Legal calibers for hunting big game with a muzzleloader in California

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kervinlee

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I would like to do a few things before I die: among these are a) build a flintlock longrifle and b) harvest a blacktail or mule deer with same rifle in California. I know California does not allow lead ammunition but, does anyone know what calibers are legal? I'm considering a Kibler Southern Mountain rifle kit with a .36 caliber bore. Would I need to go with a larger bore, like .45? Thanks.
 

Some_Mook

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No problem. I have found legal advice, advice on regulations, and advice on women from the internet/forums to all be equally reliable. 🤪
If you find advice on Women, in any delivery format, one should be very suspicious of any bullet point or sentence that does not begin with the word 'Don't'
 

Nuthatch

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I would like to do a few things before I die: among these are a) build a flintlock longrifle and b) harvest a blacktail or mule deer with same rifle in California. I know California does not allow lead ammunition but, does anyone know what calibers are legal? I'm considering a Kibler Southern Mountain rifle kit with a .36 caliber bore. Would I need to go with a larger bore, like .45? Thanks.
Sarcasm aside, .40 minimum to be legal. And since it has to be non-lead ammo, I'd say .45 should be a real-world minimum. You won't get a shred of expansion if you're shooting a patched ball. I don't know how a conical would fare in a slow-twist rifle like a Kibler.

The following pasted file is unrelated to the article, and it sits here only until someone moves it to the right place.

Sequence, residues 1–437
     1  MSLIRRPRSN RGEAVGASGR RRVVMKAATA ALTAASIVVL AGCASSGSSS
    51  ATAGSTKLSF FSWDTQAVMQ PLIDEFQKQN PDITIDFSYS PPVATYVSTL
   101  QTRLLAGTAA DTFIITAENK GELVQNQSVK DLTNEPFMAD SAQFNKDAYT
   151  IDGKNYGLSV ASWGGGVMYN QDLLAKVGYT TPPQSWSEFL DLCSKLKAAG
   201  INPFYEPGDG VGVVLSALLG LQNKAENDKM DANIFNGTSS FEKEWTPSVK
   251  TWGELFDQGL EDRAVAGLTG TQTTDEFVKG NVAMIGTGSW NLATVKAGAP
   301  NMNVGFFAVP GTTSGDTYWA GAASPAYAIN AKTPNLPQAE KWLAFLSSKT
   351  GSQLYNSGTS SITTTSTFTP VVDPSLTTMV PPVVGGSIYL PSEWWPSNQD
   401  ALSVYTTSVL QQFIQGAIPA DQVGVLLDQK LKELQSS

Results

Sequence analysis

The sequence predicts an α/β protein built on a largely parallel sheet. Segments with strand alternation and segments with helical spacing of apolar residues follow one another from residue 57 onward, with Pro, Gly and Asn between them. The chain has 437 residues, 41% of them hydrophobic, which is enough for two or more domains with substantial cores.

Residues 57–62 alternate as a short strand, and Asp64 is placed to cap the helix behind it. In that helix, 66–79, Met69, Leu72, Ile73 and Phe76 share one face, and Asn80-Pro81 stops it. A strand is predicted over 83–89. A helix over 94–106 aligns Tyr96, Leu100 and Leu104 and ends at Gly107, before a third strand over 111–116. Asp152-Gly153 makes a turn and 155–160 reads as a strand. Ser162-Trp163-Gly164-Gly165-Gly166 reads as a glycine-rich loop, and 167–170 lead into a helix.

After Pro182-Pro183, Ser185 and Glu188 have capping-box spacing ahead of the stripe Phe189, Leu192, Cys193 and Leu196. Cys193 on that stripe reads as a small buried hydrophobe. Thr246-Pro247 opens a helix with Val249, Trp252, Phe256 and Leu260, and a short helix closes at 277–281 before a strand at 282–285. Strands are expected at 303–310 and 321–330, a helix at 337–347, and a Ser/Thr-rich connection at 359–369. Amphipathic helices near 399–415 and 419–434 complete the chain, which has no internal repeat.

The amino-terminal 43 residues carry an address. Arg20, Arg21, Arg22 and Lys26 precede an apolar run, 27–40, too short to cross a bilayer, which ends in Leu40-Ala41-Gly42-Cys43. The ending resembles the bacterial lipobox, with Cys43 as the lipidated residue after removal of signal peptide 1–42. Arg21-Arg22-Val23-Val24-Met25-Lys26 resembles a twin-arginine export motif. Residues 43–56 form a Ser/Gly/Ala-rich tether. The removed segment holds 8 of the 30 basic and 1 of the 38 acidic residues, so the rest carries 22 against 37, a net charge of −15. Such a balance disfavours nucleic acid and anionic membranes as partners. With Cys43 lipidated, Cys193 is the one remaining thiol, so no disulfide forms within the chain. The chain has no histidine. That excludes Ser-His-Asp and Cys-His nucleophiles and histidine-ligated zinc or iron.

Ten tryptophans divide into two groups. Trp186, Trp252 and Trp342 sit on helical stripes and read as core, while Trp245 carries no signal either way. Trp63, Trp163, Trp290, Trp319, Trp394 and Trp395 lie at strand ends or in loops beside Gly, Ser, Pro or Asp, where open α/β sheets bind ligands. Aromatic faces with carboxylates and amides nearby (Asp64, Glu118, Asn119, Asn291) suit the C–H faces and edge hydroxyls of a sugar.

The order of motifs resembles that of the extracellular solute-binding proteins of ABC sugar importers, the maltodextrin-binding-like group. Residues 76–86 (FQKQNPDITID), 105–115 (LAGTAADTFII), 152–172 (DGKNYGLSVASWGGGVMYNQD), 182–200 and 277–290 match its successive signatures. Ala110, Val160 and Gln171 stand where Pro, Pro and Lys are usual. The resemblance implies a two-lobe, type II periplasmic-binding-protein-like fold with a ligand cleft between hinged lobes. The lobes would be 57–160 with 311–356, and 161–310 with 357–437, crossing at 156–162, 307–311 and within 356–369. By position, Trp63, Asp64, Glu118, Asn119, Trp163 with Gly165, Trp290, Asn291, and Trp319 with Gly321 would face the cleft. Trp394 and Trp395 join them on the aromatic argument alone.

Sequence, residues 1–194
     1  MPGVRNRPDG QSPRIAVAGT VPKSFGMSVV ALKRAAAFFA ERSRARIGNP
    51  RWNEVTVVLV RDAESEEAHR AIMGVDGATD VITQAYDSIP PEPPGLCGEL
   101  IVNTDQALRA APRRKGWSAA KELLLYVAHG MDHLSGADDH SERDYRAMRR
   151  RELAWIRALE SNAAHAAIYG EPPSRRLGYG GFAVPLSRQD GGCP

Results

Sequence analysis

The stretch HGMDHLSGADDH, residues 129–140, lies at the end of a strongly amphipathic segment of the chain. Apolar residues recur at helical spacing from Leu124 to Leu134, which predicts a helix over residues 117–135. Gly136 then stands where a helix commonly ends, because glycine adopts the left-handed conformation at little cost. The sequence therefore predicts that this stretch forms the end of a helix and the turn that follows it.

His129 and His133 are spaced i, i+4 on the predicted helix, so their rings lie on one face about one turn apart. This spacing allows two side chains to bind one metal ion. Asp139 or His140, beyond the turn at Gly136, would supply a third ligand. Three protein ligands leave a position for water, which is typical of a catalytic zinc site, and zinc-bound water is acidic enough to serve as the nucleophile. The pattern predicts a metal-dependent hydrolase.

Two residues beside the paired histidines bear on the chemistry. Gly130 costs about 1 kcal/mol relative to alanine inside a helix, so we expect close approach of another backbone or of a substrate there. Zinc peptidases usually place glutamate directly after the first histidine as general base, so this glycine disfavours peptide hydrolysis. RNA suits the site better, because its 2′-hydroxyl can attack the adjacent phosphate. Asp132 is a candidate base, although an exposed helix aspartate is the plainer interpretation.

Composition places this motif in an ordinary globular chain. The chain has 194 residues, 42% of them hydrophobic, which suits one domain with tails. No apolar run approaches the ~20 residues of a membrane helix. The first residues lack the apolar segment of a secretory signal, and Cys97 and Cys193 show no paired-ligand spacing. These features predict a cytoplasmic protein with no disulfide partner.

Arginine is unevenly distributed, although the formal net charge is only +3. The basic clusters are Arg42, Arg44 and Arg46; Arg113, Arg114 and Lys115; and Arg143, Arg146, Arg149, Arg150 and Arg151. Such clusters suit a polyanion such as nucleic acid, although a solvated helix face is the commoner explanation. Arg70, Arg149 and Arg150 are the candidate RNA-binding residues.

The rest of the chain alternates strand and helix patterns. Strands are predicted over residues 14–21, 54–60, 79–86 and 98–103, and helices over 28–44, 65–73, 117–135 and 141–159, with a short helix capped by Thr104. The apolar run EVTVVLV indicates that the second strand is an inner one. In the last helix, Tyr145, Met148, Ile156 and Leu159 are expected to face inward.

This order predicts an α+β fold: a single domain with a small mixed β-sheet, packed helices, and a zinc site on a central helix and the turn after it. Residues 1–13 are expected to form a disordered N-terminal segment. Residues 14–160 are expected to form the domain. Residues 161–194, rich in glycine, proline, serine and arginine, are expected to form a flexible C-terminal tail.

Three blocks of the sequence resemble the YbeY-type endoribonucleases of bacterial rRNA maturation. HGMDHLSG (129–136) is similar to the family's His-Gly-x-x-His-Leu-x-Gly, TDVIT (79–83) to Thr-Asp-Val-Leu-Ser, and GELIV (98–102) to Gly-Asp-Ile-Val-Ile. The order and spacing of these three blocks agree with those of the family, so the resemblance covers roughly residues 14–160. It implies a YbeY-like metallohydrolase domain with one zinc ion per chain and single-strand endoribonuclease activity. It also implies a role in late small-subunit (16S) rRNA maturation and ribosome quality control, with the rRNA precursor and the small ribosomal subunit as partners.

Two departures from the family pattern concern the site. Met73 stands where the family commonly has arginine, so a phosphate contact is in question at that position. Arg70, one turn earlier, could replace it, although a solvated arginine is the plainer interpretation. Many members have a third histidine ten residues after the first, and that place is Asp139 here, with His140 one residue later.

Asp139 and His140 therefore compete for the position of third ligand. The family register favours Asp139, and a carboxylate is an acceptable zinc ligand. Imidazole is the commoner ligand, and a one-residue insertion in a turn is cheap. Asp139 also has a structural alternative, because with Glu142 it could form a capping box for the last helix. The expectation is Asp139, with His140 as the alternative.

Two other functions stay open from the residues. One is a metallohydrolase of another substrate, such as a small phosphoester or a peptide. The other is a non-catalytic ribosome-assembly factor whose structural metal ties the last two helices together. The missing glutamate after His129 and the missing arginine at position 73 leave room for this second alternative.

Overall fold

Before you get too far into the Kibler project, know the area you're looking to hunt. Some areas are fine with 5-foot rifles. Others, you're just going to be hung up on brush all day. If you're in the Sierras, those deer are bigger than coastal deer. Best to up-size there. I took a mature 4x4 that was about 130 lb on the coast one year. But I've had 1x2 and 2x2 bucks easily in the 160-180 lb range on the Western Sierras.

I was looking hard at the Kibler Colonial but dropped it once I saw the weight. For all the hiking around I do getting in/out & still-hunting, I'll take my 7-lb guns any day over something in the 8-10 lb range.

Finally, unless you're on a draw tag, you're going to be hunting the general season only -- no ML seasons here. That puts you squarely in the prime fire season for most areas. So figure out your patch lube to make sure you're not sending a smoldering patch into the woods. Personally, I use heavy denim soaked in beeswax/bear grease lube & feel comfortable hunting with that most of the time. But I balk during the driest parts of the year. Experiment & find out what works.
 
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I stopped hunting CA when the no lead ammo rule went into affect so I am not current.

Sound advice on fire, especially during rifle season on the coastal range.

In my youth, while hunting pigs on the ranch in July with a ML with PRB, I, with my brothers, started a fire with a patch. We wore out three sets of legs each stomping that one out. Thankfully the wind wasn't blowing and cattle had been feeding the area, so it didn't go out of control quickly.

I thereafter restricted my ML hunting to the wet winters and spring time.

Plenty doable. I killed a nice coastal 3x3 and numerous hogs with a PRB 50 cal Hawken that I built from kit.